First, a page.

This sentiment is one that’s repeated across social media, and any keyword search of The Lion King will turn up moviegoers sharing their enthusiasm for the upcoming movie that's tied to their love for the 1994 original – a love fostered by childhood experiences or parenting memories. We’re a generation of grown-up children, parents, and teachers with Disney in our blood. We’re contaminated, and there’s no saving us, because we’d reject an antidote anyway. Disney knows this, and as a result, its remake plan seems to mostly amount to making good movies that serve as nostalgic reminders of when many of us, as children, experienced great films for the first time. Disney is giving us cinematic proxies so that we can come as close to re-living experiences as possible. But perhaps this is at the cost of new experiences, new memories and new ways of considering these characters and stories. Just because Disney is a part of us doesn’t mean we’re not sick.

Disney’s post-2010 remakes like The Jungle Book and Beauty and the Beast (2017) have been perfectly pleasant, but they’re not exactly making bold choices, even if they do add a few new wrinkles. I’d hazard to guess that many of us familiar with the original animated films have a good time with these remakes but don’t walk away feeling like the originals have been surpassed. Kenneth Branagh’s Cinderella (2015) is an exception. Lily James’ take on the titular character feels progressive, and while the narrative beats are largely the same as the 1950 original, Cinderella is less concerned with slippers and feet than it is with genuine human connection. Both Cinderella and Prince Charming, Ella and Kit, are given a depth of character that Disney’s early fairy tale adaptations rarely afforded. In many ways, it feels like the kind of movie Disney would have made during its animated renaissance had Cinderella not been adapted so early on.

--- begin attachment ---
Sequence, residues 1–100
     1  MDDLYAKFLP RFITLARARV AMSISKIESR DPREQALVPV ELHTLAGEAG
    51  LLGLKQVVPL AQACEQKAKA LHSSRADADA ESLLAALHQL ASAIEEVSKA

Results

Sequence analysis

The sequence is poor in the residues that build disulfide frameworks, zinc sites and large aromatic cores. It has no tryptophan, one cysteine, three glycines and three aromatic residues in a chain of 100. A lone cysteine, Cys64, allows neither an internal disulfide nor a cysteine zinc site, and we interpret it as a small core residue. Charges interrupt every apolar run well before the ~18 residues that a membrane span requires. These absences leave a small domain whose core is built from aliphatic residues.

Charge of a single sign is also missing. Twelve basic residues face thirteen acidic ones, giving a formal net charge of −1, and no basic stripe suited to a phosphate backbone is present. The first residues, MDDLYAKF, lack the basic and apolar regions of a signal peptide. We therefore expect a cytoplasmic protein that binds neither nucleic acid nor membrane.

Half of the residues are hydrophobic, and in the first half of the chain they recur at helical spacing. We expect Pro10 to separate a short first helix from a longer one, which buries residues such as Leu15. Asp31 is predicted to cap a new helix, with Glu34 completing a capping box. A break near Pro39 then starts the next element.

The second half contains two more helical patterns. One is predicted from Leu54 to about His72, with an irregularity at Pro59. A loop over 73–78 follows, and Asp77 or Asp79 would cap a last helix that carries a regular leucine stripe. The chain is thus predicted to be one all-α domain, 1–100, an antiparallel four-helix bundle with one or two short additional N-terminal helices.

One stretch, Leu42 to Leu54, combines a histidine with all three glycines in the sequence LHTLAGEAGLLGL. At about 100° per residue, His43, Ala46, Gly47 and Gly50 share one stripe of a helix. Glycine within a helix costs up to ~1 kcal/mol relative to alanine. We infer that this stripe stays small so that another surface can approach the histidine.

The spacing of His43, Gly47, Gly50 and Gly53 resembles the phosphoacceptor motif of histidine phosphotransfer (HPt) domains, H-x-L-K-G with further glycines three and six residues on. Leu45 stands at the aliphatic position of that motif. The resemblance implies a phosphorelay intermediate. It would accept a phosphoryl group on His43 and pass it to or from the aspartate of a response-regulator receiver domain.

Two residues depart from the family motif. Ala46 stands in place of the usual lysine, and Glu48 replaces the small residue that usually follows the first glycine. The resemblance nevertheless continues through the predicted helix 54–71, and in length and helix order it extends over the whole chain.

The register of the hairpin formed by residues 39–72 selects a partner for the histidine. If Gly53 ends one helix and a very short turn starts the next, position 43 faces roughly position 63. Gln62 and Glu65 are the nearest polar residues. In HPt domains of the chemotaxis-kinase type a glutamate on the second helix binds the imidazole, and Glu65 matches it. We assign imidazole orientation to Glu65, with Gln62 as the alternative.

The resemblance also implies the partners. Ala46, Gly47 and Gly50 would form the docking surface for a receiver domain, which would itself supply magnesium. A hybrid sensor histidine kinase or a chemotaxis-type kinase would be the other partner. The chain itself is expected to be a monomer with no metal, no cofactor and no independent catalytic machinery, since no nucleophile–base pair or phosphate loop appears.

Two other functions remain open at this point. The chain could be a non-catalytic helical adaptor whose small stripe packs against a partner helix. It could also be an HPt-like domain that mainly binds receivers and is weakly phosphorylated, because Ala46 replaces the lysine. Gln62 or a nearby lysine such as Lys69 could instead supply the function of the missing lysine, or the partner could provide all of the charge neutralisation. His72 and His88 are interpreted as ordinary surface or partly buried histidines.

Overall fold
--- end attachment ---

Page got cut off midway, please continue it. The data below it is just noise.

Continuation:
Maleficent (2014), The Jungle Book, and Beauty and the Beast have glimmers of what made Branagh’s Cinderella work, but they never quite nail the complexity of character befitting live-action. Certain narrative shorthand that works in animation doesn’t translate directly. While Maleficent’s connection to Princess Aurora and the Beast’s tragic relationship with his father are just what the stories need to offer new insight to these characters, the films ultimately become too concerned with surface emotions and hitting the story beats and musical cues of the original to ever truly go off-book. They nail the visual element but don’t fully succeed in challenging these characters, or us, with a fairy tale quality that isn’t just morality but a world made strange by the absence of absolutes. We can only imagine what Beauty and the Beast would have looked and felt like had Guillermo del Toro been involved, but going by his best picture-winning fairy tale, The Shape of Water (2017), it’s certain that he would have created a tale not for adults looking to return to childhood but for adults ready to embrace the strange magic of adulthood.